When the station signs up for the network show, they sign a contract with the network. Sometimes it's an open-ended contract with no timeframe, and sometimes there is a timeframe attached to it (say one year). There's usually a "90-day out" clause to the contract where either the station or the network can pull the plug with 90 days notice. The latter generally only happens when the network is either folding the show or want to move it to an O&O elsewhere in the market. The former often results in the network saying "OK, you can drop the show immediately, but you must clear the spots for the next 90 days."
Thus, the station that has been described in this thread, probably exercised their 90-day warning that they wanted rid of the show, and WW1 probably gave them the "out" of not actually running the show but rather just the spots.
What surprises me is that a listener would be able to tell...UNLESS they were including the Casey/WW1 end of network spots jingle when they ran the network spot breaks.
If the jingle you speak of is the "Casey's Hot 20" jingle (the horns), then yes, they did include that jingle. Not only that, but occasionally, the tease for the next segment would sometimes be run. I'm pretty sure this was inadvertent, but it goes to show that it was probably more of a hassle to run just the commercial breaks, so they might just as well have run the whole show, since they had it, rather than tantalize the listeners, especially the ones who liked listening to the countdown, with Casey's voice and the jingles, making it obvious as to what they were doing. Nevertheless, I imagine this practice continued until March, which is when they started running Casey's Hot 20 the year before. But I have no idea since, as stated above, I didn't listen to the station again for several years.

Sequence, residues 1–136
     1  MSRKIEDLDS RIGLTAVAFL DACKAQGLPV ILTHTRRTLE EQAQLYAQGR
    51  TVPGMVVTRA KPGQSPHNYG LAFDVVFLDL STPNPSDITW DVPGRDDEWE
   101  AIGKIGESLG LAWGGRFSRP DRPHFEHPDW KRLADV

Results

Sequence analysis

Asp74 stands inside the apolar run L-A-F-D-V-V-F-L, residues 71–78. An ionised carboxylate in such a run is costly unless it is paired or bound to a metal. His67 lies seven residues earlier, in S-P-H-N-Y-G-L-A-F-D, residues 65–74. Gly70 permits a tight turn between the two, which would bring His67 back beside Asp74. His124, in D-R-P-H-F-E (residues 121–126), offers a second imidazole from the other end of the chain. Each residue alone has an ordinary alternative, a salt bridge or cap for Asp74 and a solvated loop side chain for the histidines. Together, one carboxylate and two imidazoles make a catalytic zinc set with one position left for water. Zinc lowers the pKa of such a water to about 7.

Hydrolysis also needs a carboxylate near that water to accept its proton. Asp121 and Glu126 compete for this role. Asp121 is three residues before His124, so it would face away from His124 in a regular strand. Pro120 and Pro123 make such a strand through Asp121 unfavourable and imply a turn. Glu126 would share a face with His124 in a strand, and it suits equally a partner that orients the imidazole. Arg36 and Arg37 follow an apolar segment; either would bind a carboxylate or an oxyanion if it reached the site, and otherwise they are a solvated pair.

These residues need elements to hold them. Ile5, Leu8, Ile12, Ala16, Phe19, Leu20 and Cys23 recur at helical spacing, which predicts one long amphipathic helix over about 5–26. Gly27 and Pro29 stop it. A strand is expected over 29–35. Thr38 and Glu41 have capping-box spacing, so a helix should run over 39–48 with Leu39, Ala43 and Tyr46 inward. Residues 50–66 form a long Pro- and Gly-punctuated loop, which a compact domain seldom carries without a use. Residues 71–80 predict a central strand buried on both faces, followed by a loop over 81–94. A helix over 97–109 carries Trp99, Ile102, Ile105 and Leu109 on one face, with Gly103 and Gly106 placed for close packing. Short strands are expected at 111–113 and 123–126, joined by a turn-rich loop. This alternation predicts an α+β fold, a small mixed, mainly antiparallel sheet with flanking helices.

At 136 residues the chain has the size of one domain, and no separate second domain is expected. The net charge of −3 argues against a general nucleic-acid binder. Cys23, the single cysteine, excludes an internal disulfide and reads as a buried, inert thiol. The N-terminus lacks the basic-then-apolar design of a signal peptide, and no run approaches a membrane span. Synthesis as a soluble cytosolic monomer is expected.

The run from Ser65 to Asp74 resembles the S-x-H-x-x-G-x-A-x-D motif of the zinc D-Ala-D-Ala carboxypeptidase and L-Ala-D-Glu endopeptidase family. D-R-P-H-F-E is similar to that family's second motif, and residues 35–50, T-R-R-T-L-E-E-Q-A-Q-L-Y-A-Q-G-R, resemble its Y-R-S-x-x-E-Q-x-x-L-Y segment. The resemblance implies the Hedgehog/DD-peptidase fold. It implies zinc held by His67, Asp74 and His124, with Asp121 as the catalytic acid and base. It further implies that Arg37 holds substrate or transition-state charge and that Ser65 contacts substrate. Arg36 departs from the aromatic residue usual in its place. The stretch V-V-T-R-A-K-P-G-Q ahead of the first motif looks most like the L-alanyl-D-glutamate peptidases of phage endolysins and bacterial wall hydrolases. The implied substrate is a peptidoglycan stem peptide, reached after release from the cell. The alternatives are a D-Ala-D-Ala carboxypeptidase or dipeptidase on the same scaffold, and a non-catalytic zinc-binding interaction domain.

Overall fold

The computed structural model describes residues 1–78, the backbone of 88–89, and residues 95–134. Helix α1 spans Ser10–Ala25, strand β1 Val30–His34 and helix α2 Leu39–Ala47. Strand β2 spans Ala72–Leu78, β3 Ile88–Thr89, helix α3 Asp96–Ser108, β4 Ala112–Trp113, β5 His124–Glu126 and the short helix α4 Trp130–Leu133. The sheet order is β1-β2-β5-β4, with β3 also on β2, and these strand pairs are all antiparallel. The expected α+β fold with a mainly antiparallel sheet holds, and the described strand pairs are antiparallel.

Last Edit: Oct 24, 2006 10:59:32 GMT -5 by Hervard
WNIC did this practice in the summer of 2004. They aired the national commericals from AT10, but not the AT10 show itself.
Getting back to the topic, the Toledo stations only aired Casey's Top 40. They never aired Casey's Hot 20 or Casey's Countdown. From 1/89 to 10/91, it aired on WRGN 93.5. However in 10/91 WRGN changed from CHR to an Oldies format. Thus, CT40 was dropped. WVKS 92.5 in Toledo picked up CT40 in 1992 and aired CT40 Saturday from 6 am to 10 am. In late 1993 or early 1994 CT40 moved to Sunday mornings from 9 am to 1 pm. The timeslot remain until Casey returned to AT40 with AM/FM in 3/98.
What was more interesting, WVKS kept the Casey announcements "You're listening to Casey's Top 40 on 92.5 KISS FM" during the entire AT40 run from 3/98 to 1/04.
What surprises me is that a listener would be able to tell...
If it was the old '80s version of AT40, I'd be able to tell. AT40 used to include ads for certain products that the local affiliate otherwise didn't have many ads for. Examples: Bubble Yum, Certs, Halls, U.S. Army.
I think Rob Durkee's book said ABC paired AT40 with numerous short-form shows that affiliates had to run. And if they didn't run these short-form shows, they still had to run the ads. As far as I know, our local affiliate didn't run the short-form shows. On Sundays, however, this station did air the type of ads that AT40 had - even after AT40 was over. I remember thinking that these ads sounded like they belonged with AT40.
Only trouble with that Nenad, is the fact that (at least on some of the CD copies I have from VOA) they used to edit the show. You never heard Casey's into break teases and they often cut out some or all of the Request and Dedication letters.
What you mean Scott are probably the broadcasts from BLUE DANUBE RADIO, wich is not identical to VoA-Europe. VoA did very slight edits of the show, many times full complete broadcasts including the dedications and all jingles. My preference of listening would be more for a slightly edited programme, than for about 4 hours with all the same chewing gum or akne commercials along. It's boring !